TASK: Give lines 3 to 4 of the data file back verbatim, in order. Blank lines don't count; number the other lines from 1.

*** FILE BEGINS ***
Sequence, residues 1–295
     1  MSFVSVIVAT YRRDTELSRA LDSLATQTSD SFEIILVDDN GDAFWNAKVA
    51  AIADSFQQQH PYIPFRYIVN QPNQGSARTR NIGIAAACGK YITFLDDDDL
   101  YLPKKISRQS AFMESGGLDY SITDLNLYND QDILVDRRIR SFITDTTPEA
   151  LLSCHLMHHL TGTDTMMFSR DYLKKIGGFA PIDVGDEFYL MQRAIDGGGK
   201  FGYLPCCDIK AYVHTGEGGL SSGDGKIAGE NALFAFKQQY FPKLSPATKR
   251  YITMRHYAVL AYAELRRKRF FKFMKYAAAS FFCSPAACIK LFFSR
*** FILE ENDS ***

    51  AIADSFQQQH PYIPFRYIVN QPNQGSARTR NIGIAAACGK YITFLDDDDL
   101  YLPKKISRQS AFMESGGLDY SITDLNLYND QDILVDRRIR SFITDTTPEA